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There’s the Rub

‘Right’ of reply: It’s not a right, it’s oppression

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I almost fell out of my chair when I read it. I read it again to make sure I had not made a mistake from reading a little too fast. That was P-Noy saying, “The same spirit hews closely to our position on the issue of right of reply. As the Bible says, the truth shall set you free. If two sides of a story are reported, if the details of every piece of news are accurate and the freedom of all Filipinos to form their own opinion is valued, then a journalist has nothing to worry about.”

That’s not unlike saying, which in fact the custodians of martial law did say, that if people were innocent then they had nothing to fear from the antidefamation laws, the rumor-mongering laws and the antisubversion laws. Indeed, if people were law-abiding and upright and civic-minded, then they had nothing to fear from martial law itself.

The “right” of reply is tyrannical. It has no business being in the Freedom of Information bill, which almost assures its doom. It’s like the “parity rights” the United States tacked on to the release of war-damage payments to us after the War. If we wanted the war-damage payments, we had to agree to “parity rights,” which gave Americans the same privileges as Filipinos to exploit the country. It’s the same thing here: If we want freedom of information, or the right to have access to official documents, particularly those of an incriminating nature, we have to agree to “right” of reply, which gives public officials time or space in media to answer perceived slights or wrongful reporting.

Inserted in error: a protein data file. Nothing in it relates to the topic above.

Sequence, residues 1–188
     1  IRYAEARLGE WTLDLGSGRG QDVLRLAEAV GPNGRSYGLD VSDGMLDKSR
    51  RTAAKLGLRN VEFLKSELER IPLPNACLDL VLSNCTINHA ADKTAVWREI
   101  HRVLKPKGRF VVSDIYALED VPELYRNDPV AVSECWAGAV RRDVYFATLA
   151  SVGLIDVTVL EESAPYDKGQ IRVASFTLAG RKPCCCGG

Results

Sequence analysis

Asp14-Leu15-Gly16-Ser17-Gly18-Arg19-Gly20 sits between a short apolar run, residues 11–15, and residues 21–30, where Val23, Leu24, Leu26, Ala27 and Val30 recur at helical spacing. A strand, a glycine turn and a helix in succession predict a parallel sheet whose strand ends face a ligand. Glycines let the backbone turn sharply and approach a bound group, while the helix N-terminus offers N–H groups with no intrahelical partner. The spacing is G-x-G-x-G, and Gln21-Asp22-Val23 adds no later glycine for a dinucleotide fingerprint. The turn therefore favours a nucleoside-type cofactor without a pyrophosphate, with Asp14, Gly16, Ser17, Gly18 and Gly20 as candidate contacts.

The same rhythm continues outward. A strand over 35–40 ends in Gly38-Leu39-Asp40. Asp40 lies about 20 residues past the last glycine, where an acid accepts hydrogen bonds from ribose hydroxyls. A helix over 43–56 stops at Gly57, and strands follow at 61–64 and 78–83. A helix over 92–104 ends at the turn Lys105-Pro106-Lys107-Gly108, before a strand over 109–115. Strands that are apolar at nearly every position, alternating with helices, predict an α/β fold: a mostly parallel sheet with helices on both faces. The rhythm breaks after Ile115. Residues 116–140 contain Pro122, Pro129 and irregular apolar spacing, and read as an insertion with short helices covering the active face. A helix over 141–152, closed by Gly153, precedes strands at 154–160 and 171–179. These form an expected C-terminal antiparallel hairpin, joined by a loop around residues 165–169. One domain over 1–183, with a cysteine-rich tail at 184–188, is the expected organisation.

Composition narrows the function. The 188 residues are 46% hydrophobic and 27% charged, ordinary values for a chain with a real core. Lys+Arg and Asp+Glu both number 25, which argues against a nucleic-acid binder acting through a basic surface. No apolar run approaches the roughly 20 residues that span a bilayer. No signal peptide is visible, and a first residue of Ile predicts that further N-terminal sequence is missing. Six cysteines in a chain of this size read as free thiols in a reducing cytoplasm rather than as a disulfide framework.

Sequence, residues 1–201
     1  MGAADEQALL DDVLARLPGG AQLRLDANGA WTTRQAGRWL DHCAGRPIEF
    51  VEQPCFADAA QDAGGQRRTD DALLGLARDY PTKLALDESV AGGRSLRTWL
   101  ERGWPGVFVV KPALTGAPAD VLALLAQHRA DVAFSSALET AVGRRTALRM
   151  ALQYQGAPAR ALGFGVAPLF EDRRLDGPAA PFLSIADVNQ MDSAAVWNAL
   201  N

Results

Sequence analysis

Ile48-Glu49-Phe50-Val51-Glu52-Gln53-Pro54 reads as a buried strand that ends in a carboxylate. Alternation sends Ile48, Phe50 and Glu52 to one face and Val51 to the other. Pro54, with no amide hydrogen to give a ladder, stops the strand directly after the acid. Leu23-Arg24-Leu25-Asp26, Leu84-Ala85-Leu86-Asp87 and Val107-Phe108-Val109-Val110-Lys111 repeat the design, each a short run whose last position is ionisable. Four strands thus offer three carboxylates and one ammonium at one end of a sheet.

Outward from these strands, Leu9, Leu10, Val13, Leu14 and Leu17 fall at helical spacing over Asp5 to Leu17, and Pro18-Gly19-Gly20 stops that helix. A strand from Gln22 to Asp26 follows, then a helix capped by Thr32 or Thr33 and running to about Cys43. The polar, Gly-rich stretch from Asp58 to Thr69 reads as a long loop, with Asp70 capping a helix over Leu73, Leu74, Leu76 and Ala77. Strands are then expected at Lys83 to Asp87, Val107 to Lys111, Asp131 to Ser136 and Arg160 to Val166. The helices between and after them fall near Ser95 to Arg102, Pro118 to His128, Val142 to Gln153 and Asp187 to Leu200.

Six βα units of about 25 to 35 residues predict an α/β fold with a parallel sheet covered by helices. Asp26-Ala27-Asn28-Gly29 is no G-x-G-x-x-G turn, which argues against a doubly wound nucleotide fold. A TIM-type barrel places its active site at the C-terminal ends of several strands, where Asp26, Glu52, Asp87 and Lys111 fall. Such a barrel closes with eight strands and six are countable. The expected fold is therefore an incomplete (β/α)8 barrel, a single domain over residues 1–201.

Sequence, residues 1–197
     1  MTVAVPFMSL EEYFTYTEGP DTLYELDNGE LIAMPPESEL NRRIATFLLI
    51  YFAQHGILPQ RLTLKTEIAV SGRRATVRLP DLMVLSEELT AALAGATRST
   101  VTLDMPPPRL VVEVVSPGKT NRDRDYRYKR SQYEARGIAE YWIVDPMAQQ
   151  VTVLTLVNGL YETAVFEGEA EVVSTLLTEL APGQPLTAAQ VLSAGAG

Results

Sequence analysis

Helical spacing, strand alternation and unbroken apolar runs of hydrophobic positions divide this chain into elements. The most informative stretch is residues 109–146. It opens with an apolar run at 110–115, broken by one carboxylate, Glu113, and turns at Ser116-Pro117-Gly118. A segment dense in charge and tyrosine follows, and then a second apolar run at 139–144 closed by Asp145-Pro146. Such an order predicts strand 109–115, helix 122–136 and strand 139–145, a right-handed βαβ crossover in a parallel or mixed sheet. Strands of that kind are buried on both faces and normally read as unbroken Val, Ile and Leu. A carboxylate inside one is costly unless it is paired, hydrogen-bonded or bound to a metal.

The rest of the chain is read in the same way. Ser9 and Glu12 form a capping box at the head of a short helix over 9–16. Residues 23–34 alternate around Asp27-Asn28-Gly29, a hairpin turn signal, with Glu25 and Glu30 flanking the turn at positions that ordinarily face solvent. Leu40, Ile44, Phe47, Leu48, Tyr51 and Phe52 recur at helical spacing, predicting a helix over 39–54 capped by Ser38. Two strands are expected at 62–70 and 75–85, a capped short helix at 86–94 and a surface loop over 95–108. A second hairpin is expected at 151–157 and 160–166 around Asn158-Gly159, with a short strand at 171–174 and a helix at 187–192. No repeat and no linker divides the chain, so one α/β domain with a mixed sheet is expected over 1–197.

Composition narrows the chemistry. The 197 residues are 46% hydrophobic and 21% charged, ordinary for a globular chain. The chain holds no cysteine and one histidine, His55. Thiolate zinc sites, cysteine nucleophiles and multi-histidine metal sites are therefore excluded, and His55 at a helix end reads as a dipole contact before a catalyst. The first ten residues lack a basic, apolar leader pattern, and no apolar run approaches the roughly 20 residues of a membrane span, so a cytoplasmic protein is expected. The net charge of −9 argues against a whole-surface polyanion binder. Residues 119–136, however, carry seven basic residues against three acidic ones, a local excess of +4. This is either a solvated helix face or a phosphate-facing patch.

We fell prey to the first, we may not to the second.

The FOI should be passed as a matter of course, the way the war-damage payments should have been released as a matter of course. The “right” of reply, like parity rights, should not. The one is laudable, the other damnable.

It’s all very well that media should practice balance and objectivity and judiciousness. It’s all very well that media should strive for the truth, the whole truth and nothing but the truth. But who’s to say they have or haven’t? P-Noy himself hasn’t said anything, or done anything, that the Arroyo camp or the Left has found truthful. Everything he has said they’ve called self-serving, misleading and deceitful. Everything he has done they’ve called unfair, vengeful and oppressive. Depends on who’s making the determination.

Which is what makes the “right” of reply not unlike the censorship of martial law. Which makes the defense that if you’re truthful you’ve got nothing to fear from the “right” of reply not unlike the defense that if you’re innocent you’ve got nothing to fear from martial law’s antisubversion laws. It places the determination in the hands of public officials, the one group of people who are bound to see slight or slander in anything negative said about them.